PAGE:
Editorial Notes, Magonia 99, April 2008
Well here it is. Welcome to Magonia 99, the last in the series which has survived in one form or another since 1968. Firstly as Merseyside UFO Bulletin, then simply as MUFOB when the editorial base moved from Merseyside, and finally as Magonia. Peter Rogerson outlines our history in more detail elsewhere in this issue, so I shall concentrate here on my reasons for ending the publication at this point.
Some of you may have seen my piece in the February 2009 issue of Fortean Times. (And may I add here how incredibly flattered I am by the editorial in that issue in which Bob Rickard describes Magonia as FT's "philosophical elder brother") In that column I expressed my disappointment and frustration that the whole field of UFO research seemed incapable of making any kind of progress, and that it has deteriorated into an endless scrutiny of issues that were once considered settled. Of course, in many cases the level of interest in a report or personality is not dependent of the level of scientific interest in the object, but the level of financial interest.
Over the past few months we've been subjected to a seemingly endless flow of low-grade UFO reports in the tabloids, most notably the Sun. It's disappointing, but hardly surprising that one of the figures boosting this process is the self-styled former 'Head of the British Government's UFO Project'.
What's even more disappointing, though, is the way the British 'UFO community' (OK, silly phrase, but it seem to be the contemporary usage!) has tagged along in its wake, with endless and fairly pointless discussion about whether or not a UFO knocked the blade of a wind turbine, It didn't, OK? End of story.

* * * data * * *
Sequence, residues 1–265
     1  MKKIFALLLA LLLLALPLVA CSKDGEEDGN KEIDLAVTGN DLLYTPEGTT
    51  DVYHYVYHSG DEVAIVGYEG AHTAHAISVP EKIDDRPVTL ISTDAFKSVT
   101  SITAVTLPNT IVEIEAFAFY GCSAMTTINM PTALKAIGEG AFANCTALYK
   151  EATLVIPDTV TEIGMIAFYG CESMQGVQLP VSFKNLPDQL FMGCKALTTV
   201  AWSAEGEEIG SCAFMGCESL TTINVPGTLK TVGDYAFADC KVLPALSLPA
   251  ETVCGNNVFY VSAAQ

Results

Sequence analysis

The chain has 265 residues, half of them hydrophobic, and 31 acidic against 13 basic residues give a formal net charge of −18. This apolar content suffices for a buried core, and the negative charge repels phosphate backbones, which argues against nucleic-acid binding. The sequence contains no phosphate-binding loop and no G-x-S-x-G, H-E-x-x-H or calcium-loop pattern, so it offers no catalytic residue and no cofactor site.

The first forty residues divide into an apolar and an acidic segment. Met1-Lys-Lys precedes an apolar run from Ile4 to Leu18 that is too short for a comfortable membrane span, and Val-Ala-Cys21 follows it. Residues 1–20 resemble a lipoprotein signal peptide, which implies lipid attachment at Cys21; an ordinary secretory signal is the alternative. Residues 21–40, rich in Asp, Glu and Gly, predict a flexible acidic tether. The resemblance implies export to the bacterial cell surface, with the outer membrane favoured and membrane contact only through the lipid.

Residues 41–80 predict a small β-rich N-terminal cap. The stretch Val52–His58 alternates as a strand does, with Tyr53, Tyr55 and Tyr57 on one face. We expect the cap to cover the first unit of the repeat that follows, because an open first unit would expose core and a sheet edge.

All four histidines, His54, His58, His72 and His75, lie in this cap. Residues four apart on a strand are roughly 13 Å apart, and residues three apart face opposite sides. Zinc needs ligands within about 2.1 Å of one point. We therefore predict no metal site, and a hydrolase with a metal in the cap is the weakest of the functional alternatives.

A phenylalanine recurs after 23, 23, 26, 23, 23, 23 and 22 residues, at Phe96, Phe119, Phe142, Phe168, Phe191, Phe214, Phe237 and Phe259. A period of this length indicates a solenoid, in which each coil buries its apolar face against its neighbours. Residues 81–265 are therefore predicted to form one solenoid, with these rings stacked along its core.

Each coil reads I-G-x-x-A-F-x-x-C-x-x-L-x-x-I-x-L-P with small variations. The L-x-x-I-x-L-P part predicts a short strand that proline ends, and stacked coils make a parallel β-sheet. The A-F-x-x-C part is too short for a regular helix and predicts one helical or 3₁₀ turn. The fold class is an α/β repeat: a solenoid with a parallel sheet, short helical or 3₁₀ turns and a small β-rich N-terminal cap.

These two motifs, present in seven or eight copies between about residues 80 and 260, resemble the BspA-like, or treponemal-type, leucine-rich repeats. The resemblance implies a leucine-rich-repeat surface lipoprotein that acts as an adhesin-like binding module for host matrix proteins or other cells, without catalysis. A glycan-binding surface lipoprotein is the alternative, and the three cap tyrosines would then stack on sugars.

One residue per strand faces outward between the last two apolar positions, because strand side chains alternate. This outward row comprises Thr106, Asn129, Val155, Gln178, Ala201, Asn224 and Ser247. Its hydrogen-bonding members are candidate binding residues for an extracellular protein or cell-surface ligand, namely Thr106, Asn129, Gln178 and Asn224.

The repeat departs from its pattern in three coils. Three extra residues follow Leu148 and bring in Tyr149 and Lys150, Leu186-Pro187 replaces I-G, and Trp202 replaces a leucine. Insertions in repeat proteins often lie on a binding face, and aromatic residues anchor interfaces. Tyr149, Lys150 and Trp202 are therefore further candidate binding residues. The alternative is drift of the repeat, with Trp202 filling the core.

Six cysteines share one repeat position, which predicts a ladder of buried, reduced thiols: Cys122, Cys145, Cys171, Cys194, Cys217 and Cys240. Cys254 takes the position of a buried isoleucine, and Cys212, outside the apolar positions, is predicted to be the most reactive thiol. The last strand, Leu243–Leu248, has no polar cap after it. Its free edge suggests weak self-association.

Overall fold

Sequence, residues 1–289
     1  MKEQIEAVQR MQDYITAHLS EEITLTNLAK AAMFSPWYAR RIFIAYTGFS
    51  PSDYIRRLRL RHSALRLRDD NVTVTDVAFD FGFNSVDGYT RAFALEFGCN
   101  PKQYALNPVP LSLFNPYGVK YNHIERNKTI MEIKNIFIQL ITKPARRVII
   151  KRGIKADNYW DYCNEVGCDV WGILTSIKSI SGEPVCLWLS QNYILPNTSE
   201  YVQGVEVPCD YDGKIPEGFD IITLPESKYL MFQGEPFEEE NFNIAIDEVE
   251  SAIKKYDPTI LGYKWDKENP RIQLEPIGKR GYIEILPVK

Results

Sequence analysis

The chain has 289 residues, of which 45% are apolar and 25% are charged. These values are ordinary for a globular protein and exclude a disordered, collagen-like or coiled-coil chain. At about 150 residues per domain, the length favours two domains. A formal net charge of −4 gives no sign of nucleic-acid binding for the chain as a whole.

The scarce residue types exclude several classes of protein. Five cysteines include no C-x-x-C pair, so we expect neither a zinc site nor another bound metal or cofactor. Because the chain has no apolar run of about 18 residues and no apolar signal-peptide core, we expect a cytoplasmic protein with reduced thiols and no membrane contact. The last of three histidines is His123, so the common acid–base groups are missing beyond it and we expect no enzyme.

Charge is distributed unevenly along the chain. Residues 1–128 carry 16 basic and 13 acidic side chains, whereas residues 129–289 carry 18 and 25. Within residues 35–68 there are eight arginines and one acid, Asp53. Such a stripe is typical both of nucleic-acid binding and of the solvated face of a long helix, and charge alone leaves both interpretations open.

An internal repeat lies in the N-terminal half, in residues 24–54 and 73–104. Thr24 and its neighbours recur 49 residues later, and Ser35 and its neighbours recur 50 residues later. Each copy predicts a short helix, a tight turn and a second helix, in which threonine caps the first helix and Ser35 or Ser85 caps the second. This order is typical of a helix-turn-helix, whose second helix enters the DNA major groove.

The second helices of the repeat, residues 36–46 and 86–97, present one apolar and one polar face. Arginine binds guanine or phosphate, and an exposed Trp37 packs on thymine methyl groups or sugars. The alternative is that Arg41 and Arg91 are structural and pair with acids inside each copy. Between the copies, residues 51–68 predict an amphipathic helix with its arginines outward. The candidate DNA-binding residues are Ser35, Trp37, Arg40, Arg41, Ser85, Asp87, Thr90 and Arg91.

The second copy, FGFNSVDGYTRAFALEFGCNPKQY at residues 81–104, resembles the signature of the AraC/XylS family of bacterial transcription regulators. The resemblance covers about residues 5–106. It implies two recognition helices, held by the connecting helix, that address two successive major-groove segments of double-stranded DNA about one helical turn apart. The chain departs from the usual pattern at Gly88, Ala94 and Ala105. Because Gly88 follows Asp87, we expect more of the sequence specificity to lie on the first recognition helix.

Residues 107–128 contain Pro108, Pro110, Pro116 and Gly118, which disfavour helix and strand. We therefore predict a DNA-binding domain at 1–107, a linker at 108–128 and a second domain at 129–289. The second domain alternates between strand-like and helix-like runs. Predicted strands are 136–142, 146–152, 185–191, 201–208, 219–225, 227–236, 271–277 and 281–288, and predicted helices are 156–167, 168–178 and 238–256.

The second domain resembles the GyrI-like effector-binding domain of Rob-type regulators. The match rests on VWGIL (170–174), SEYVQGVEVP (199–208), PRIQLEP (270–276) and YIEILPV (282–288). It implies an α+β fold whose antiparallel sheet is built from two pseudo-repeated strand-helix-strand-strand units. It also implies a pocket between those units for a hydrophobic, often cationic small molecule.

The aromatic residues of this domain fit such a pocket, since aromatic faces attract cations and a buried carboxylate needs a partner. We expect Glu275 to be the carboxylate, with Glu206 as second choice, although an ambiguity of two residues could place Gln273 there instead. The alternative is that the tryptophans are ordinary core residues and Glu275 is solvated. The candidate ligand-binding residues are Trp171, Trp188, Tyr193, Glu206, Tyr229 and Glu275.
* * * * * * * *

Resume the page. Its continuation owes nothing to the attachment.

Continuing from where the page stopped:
At least the British UFO 'community' does operate with a considerable degree of scepticism and common-sense, unlike our transatlantic colleagues, who have invented a kind of ufological necrophilia, resurrecting cases which everyone though were dead and buried decades ago, It's not just Roswell, of course, but just about every case from the 'fifties and 'sixties - from Socorro to McMinnville - is being revived with 'death-bed confessions' or vague hints of sinister government involvement.
Having said that, there is still a great deal of positive work being undertaken. It would have seemed impossible just a few years ago that British ufologists would be working in conjunction with a government agency to publicise Ministry of Defence records of UFO reports, yet this is what's happening now with David Clarke and the National Archives. The historical research which David, Andy Roberts and others are undertaking is providing valuable information on the social background to UFO belief and activism in Britain.
And certainly it is true to say that the entire ethos of ufology, in this country at least, has changed quite radically for the better since this magazine began its long march; and I think not overly egotistical to say to a considerable extent because of what we have done in Magonia. Much of this was through bringing the work of the French researchers of the 1980s to the attention of British readers.
Looking back over the early issues of MUFOB it is amusing to recall the endless battles with the old fossils who ran BUFORA and some of the other UFO organisations of the period. These were often conducted with an overtone of class war - how dare these uneducated oiks (some of whom never went to Oxford or Cambridge, or even had a phoney degree from the University of Seven Sisters Road) challenge the wisdom of the classically educated ufological aristocracy?
British ufology has successfully re-buried the fossils, and with the demise of the membership organisations, which must always pander to the lowest common denominator of subscription payers, has become what MUFOB/Magonia has been seeking for forty years: a group of individual researchers with expertise in a range of subjects, who co-operate informally and voluntarily, without the need of a bureaucratic 'National UFO Group'.
Our work here is done!